I expect stocks to have a good year, but 16.7% in returns is probably unlikely. It’s also wort...
Cash "Flow" at Digital River
11/11/2005 12:00 am EST
"Among the more than 100 variables used in our Quadrix stock-rating system, none has done a better job of picking winners than the price to free cash flow ratio," says Richard Moroney. Here, the editor of Upside, looks at one cash flow favorite, Digital River.
"With software increasingly delivered via Internet downloads, the impressive growth at Digital River (DRIV NASDAQ) should continue. The company, a provider of online commerce solutions, has delivered at least 30% sales growth in each of the last four years. Per-share earnings have risen sharply since Digital River turned profitable in 2003, with at least 37% year-to-year growth for six straight quarters. Per-share profits should be up 60% to 70% for full-year 2005, and growth of 15% to 25% seems likely in 2006. The stock, reasonably valued at 16 times expected year-ahead operating earnings, is a Best Buy.
"Digital River provides a wide range of services for e-commerce, including site development and hosting, catalog and pricing management, transaction processing, product delivery, and customer service. By outsourcing these functions, companies free up time and resources to focus on core businesses. Digital River’s customer base of more than 40,000 includes Motorola, H&R Block, and Staples.com. Symantec, a maker of security software, is Digital River’s largest client, accounting for about 38% of 2004 sales.
"The software industry is transitioning from not only selling products online but also delivering them through digital downloads. Electronic software distribution (ESD) accounted for 1% of global software sales in 2004, but that number could reach 10% in five years. Anti-virus software makers, including Symantec, were among the first to adopt downloadable distribution, and security software sold through this method considerably outpaces packaged-software sales.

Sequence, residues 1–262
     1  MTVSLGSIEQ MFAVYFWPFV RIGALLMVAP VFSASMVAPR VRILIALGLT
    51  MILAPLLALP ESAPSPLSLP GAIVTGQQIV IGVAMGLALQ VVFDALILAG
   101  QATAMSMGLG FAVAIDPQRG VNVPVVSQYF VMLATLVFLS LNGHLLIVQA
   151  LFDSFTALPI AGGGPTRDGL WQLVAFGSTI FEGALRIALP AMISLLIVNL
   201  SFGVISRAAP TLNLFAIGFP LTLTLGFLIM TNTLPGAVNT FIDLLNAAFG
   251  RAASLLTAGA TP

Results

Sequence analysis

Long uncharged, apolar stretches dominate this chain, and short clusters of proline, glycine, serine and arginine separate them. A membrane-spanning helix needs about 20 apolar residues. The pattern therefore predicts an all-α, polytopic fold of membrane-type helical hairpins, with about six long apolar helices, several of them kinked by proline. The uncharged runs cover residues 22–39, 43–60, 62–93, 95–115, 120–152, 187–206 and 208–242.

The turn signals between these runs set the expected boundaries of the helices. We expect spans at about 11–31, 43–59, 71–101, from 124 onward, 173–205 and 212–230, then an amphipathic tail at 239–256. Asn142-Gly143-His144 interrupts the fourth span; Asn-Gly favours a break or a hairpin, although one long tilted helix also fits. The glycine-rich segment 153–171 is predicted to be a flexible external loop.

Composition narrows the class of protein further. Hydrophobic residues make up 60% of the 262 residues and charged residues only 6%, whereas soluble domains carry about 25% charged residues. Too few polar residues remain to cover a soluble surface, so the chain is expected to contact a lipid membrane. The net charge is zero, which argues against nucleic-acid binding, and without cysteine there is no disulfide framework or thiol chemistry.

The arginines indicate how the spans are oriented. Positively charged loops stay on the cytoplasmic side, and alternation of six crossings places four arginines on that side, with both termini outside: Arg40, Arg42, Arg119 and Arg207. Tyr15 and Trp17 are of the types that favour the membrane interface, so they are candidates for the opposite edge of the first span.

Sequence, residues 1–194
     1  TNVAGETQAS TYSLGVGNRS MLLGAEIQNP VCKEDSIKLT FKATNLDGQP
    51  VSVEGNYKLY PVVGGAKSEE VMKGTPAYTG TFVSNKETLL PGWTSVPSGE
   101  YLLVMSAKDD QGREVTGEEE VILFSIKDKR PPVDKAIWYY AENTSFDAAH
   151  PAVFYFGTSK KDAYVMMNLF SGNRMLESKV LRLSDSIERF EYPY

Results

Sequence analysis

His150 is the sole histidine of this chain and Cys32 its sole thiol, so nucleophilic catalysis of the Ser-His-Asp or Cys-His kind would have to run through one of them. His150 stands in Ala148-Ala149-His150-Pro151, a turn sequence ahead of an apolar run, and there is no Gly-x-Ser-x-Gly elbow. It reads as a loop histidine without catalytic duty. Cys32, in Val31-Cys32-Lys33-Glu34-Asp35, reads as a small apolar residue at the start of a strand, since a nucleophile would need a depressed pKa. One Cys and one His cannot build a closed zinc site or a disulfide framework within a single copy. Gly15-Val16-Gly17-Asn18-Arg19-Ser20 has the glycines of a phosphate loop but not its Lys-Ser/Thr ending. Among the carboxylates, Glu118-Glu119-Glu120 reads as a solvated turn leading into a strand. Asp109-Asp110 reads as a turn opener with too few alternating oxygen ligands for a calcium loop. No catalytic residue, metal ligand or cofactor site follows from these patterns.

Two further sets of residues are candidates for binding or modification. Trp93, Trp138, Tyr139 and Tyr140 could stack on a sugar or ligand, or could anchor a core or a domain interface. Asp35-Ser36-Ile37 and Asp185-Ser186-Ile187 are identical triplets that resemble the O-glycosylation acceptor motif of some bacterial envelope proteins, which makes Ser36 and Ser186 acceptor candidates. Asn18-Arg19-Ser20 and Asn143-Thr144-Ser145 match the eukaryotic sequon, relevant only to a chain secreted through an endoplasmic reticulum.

"Software clients distribute their online ESD product catalog through Digital River’s network of more than 50,000 affiliated online retailers, content sites, and portals. To drive user traffic and sales, Digital River provides its affiliates with sales incentives and marketing tools. For example, video-game software publishers can sell titles through Digital River’s catalog of more than 500 downloadable games. The catalog is then offered to online merchants such as Best Buy and Circuit City.
"Management expects international sales to represent 60% of total revenue by 2010, up from 39% in the June quarter. Japan, China, Russia, and Latin America are areas of focus. Digital River conducts sales and customer service in 11 languages, runs Web sites in 17 languages, and offers payment options in 26 languages. Management places importance on creating e-commerce offerings that appeal to different cultures, hiring local personnel who understand the expectations of local customers.
"Digital River ended the June quarter with $322 million (about $7.85 per share) in cash and investments. The company repurchased $3.2 million in shares in the June quarter. Consensus profit estimates for Digital River, which exclude the impact of acquisition-related expenses, project per-share earnings of $2.01 for 2005 and $2.39 for 2006. At 14 times the 2006 estimate, the stock trades at a big discount to its peer group. The stock earns a Quadrix Overall score of 93, with high marks in Quality, Momentum, and Financial Strength.
"Overall, Digital River had cash from operations of nearly $99 million—more than double its net income. After capital expenditures of $11 million, and no dividends, free cash flow totaled $88 million, or $2.62 per share. Dividing $2.62 into the stock price results in a price/free-cash-flow ratio of 13—lower than that of about 78% of US companies. Historically, buying stocks with low price to cash flow ratios has been a winning strategy. Since 1994, among all variables used in Quadrix, this ratio has been the single best metric for picking winners."
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